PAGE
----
The capacity of DNA testing to release innocent convicts seems to have alleviated doubts about the integrity of justice in our criminal justice system, but unrightfully so.
The corruption of the U.S. criminal justice system is unmistakably apparent in the case of Timothy Masters, whom recent DNA testing has found to be innocent of the murder of Peggy Hettrick, after nine years of imprisonment.
As reported by the Coloradoan, “Masters’ bid for a new trial centered on accusations that Fort Collins police and Larimer County Prosecutors withheld evidence during his case.”
According to the New York Times, “Ms. Hettrick . was sexually mutilated with a precision that a medical consultant to the prosecution said would require a high level of surgical skill. But that expert opinion was among the potentially helpful evidence that was never given to the defense team in 1999 . no physical evidence or murder weapon were produced linking Mr. Masters to the crime.”
The irresponsibility and deception of the police and prosecutors in their search for justice led to the nine-year imprisonment of an innocent man.
Such cases show cause for drastic reform of the criminal justice system, rather than simply writing them off as “mistake[s],” as one of Masters’ original attorneys, Erik Fisher did.
He told the Coloradoan, “it’s important that the justice system works . obviously, the justice system didn’t work in this case, but at least that wrong will be rectified.”
So releasing an innocent person somehow “rectifies” nine years of unjust imprisonment? Certainly Masters and his family do not feel the same way.
By law, it is the state’s burden to establish beyond a reasonable doubt the guilt of the accused. There is something horribly wrong with a system in which the value placed on victim justice is so high that it can lead to the obstruction of truth.
Yet, the criminal justice system in the United States has been based upon such twisted values since the 1970s, when conservatism replaced liberalism as the dominant philosophy in formulating criminal justice policies.
Consequently, policies in the U.S. have been based off the crime control model of criminal justice, which is mainly concerned with protecting victims’ rights. It supports broad powers for police in order to make the process of determining guilt easier and faster, and the fact-finding of police and prosecutors is viewed as highly reliable, producing a “guilty until proven innocent” mentality.
The alternative model of due process views the defendant’s rights as most important — recognizing that, according to the Bill of Rights, an individual cannot be deprived of life, liberty or property without due process of law. Thus, police powers should be limited to prevent infringement on these rights.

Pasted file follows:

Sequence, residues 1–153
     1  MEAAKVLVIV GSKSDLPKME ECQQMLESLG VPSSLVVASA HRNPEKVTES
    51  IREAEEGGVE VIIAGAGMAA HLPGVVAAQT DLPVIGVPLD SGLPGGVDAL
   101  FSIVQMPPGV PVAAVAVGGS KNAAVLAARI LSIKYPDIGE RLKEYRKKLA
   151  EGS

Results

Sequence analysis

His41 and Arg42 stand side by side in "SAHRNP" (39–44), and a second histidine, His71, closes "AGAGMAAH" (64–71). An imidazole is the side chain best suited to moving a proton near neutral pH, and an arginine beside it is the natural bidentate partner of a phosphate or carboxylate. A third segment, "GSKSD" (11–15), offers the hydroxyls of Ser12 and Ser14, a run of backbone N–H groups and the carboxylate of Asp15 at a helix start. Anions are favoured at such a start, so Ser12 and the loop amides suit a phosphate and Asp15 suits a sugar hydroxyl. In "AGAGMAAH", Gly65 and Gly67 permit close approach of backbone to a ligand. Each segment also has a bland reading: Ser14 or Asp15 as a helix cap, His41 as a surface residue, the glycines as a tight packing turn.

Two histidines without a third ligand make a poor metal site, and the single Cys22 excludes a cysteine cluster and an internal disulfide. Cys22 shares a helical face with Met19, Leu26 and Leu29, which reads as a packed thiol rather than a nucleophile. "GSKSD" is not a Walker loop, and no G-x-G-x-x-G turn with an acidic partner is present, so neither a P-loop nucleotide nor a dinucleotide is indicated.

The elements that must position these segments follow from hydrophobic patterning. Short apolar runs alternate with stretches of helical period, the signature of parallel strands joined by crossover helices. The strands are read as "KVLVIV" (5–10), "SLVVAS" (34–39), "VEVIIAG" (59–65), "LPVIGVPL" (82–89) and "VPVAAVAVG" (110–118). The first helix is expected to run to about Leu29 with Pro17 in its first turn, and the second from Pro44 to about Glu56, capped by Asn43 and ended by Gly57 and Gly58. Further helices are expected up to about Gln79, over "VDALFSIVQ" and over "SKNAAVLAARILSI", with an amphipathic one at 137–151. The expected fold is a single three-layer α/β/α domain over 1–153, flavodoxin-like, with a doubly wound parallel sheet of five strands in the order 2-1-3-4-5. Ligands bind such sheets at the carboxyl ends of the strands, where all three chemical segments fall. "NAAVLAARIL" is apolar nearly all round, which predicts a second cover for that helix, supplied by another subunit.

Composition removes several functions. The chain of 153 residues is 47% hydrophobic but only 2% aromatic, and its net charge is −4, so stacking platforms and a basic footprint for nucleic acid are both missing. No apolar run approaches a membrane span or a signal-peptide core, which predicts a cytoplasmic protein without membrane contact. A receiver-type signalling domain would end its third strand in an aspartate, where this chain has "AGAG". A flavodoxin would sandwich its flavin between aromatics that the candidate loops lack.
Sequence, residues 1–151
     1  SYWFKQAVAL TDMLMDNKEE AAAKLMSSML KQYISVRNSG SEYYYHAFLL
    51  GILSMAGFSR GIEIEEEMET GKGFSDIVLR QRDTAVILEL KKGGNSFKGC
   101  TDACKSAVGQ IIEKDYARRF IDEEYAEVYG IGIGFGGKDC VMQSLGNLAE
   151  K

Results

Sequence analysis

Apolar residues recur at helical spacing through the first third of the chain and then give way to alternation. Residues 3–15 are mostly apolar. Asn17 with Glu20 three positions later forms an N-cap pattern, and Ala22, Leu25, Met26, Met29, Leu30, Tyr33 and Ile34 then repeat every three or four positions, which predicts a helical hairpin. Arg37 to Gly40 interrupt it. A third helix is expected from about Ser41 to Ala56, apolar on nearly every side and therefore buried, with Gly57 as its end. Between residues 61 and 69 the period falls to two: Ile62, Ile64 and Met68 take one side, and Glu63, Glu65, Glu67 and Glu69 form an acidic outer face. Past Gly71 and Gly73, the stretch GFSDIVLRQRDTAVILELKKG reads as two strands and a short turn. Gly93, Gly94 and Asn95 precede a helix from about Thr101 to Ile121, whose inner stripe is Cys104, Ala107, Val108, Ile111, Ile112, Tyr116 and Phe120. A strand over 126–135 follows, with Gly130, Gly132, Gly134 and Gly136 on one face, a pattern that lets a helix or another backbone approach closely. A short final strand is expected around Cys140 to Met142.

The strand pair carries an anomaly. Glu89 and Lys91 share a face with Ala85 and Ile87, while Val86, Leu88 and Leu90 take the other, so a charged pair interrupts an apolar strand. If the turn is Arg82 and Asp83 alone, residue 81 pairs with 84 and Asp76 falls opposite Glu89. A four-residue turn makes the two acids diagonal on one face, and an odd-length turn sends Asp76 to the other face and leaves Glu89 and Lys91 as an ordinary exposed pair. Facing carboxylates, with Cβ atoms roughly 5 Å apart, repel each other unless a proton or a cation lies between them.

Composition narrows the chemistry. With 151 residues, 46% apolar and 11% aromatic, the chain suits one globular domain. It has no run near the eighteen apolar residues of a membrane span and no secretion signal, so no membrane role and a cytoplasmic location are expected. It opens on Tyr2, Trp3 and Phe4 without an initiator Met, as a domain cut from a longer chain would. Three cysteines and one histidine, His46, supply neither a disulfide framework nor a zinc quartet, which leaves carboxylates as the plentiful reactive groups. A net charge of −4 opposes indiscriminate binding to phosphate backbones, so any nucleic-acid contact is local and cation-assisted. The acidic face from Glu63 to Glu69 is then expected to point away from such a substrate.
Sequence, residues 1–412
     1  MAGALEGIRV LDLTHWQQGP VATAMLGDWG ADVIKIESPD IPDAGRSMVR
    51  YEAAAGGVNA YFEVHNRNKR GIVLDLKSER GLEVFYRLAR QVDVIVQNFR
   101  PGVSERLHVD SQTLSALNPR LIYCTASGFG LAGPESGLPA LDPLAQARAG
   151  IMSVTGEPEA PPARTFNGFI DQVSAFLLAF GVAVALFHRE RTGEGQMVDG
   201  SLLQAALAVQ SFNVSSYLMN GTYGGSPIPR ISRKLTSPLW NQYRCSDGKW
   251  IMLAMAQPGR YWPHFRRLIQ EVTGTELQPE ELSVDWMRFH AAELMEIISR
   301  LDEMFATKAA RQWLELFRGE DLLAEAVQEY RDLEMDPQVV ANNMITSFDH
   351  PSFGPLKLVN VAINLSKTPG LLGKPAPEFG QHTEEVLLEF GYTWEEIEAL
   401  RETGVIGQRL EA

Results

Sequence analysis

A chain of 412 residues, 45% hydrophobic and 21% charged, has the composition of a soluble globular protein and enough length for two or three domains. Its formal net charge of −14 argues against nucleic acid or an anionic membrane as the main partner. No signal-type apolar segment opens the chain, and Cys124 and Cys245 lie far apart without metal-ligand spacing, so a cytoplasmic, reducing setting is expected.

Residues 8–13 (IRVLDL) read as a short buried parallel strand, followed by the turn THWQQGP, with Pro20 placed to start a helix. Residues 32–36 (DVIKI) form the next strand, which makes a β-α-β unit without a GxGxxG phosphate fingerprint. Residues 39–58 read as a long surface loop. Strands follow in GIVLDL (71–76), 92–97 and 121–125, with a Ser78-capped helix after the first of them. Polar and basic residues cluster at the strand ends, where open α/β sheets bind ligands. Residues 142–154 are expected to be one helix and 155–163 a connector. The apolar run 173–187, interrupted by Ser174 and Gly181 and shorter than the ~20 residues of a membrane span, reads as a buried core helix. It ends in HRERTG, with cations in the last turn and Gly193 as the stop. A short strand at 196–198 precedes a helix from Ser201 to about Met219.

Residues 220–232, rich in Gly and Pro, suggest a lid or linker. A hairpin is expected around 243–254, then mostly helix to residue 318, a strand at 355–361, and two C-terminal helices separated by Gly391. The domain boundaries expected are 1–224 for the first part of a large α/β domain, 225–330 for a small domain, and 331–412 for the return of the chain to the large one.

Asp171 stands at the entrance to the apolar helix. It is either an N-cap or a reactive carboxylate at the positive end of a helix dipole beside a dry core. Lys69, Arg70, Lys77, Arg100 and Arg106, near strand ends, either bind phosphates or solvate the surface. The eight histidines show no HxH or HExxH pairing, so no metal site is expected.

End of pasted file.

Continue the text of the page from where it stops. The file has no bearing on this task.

The difference between the models reveals a difficult balance that must be maintained between protecting society from dangerous people and protecting innocent people from imprisonment or execution. The inevitability of human error in regulating these opposing protections does make some wrongful convictions unavoidable.
However, when those in power are not doing all they can to minimize wrongful convictions, wrongful convictions are inexcusable.
Yet, this is exactly the kind of criminal justice system that has been developed, and that the American public has turned a blind eye to.
The advent of DNA testing and its perpetual discoveries of wrong convictions only increases doubt in the American justice system.
According to a University of Virginia study, more than 90 percent of 200 exonerated people were either convicted of rape or of both rape and murder; and rape is the typical crime for which DNA can prove innocence.
For other crimes, there is often no biological evidence.
Brandon Garret, author of the study told Virginia Law, “we need to embrace changes to our criminal system to facilitate the accurate development of factual evidence at all stages of the process – not just in DNA cases, but in the vast majority of cases in which DNA testing cannot be conducted.”
These changes must be preceded by a shift in our country’s dominant political philosophy and endorsement of the crime control model. The time for justice in our country to once again be founded upon the belief in “innocent until proven guilty” is decades overdue.
Mary Ackerson is a senior political science major. Her column appears Tuesdays in the Collegian. Letters and feedback can be sent to firstname.lastname@example.org.